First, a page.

THIS TOO WILL PASS

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Even This Shall Pass Away
By Theodore Tilton  

ONCE in Persia ruled a king
Who upon his signet ring
’Graved a motto true and wise,
Which, when held before his eyes,
Gave him counsel at a glance
Fit for any change or chance.
Solemn words, and these were they:
“Even this shall pass away.”

Trains of camel through the sand
Brought him gems from Samarkand;
Fleets of galleys through the seas
Brought him pearls to rival these.
Yet he counted little gain
Treasures of the mine or main.
“Wealth may come, but not to stay;
Even this shall pass away.”

’Mid the revels of his court,
In the zenith of his sport,
When the palms of all his guests,
Burned with clapping at his jests,
He, amid his figs and wine,
Cried: “Oh, precious friends of mine,
Pleasure comes, but not to stay —
Even this shall pass away.”

Lady, fairest ever seen,
Was the bride he crowned his queen.
Pillowed on his marriage bed
Softly to his soul he said:
“Though no bridegroom ever pressed
Fairer bosom to his breast,
Mortal flesh must come to clay —
Even this shall pass away.”

Fighting in a furious field,
Once a javelin pierced his shield,
Soldiers with a loud lament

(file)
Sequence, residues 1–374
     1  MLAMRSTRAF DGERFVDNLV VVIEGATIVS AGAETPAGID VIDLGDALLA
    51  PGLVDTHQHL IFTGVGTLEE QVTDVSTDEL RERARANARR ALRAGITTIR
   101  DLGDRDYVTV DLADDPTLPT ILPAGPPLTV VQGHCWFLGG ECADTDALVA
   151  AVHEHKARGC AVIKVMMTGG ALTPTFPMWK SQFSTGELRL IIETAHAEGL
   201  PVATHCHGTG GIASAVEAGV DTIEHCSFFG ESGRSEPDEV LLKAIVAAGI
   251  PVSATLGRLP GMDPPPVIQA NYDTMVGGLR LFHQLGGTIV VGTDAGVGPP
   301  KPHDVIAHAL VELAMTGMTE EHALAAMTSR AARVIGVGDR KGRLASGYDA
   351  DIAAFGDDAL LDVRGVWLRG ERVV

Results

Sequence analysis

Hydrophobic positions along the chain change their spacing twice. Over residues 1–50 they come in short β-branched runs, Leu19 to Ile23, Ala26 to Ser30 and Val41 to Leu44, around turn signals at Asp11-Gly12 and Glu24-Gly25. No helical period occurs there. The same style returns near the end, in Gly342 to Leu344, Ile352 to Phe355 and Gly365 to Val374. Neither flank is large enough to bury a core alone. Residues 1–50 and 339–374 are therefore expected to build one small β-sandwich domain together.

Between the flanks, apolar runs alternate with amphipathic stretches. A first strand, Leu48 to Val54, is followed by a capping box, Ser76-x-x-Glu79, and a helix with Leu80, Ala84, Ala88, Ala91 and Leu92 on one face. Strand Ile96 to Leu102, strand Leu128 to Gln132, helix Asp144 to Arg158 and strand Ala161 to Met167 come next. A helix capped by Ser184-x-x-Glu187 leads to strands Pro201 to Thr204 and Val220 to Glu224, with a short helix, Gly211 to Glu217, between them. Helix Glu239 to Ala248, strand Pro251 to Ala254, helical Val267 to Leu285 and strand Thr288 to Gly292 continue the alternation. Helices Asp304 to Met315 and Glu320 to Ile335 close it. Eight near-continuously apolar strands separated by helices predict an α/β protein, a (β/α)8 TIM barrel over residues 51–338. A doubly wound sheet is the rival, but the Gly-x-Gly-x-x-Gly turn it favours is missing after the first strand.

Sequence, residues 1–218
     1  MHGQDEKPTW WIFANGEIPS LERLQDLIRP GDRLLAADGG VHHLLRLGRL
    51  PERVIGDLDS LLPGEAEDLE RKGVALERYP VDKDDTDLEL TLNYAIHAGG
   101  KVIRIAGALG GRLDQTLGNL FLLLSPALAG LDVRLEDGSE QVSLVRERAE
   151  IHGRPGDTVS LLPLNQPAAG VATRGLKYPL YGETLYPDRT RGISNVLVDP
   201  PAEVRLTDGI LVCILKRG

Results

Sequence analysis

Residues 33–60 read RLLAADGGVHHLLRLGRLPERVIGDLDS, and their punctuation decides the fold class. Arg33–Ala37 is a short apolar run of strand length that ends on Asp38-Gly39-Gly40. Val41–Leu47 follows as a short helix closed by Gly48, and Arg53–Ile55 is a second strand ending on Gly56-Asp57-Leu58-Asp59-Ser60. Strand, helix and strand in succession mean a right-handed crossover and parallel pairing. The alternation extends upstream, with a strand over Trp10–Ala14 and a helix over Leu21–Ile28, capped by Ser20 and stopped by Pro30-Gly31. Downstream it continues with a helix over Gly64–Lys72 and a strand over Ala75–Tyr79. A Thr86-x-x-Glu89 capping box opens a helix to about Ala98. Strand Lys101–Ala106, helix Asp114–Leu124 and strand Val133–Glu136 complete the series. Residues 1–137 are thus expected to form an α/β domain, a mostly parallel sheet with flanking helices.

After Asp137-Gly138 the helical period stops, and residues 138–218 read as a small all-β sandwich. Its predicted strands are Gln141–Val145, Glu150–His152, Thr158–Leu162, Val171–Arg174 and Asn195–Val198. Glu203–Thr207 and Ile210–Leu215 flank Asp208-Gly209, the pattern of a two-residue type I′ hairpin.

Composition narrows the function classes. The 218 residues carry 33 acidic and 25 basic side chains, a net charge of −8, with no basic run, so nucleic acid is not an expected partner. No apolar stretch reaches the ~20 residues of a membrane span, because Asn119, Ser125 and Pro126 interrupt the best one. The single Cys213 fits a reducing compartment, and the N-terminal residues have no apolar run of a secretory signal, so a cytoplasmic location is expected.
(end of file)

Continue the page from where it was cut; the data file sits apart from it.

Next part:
Bore him bleeding to his tent.
Groaning, from his wounded side,
“Pain is hard to bear,” he cried.
“But, with patience, day by day,
Even this shall pass away.”

Towering in the public square,
Twenty cubits in the air,
Rose his status grand in stone;
And the king, disguised, unknown,
Gazing on his sculptured name,
Asked himself: “And what is fame?
Fame is but a slow decay —
Even this shall pass away.”

Struck with palsy, sere and old,
Standing at the gates of gold,
Spake him this, in dying breath:
“Life is done, and what is death?”
Then, in answer to the king,
Fell a sunbeam on the ring,
Answering, with its heavenly ray:
“Even death shall pass away.”

If we are happy or sad, exhilarated or depressed, on top of the world or in the depths of despair, This Too Will Pass

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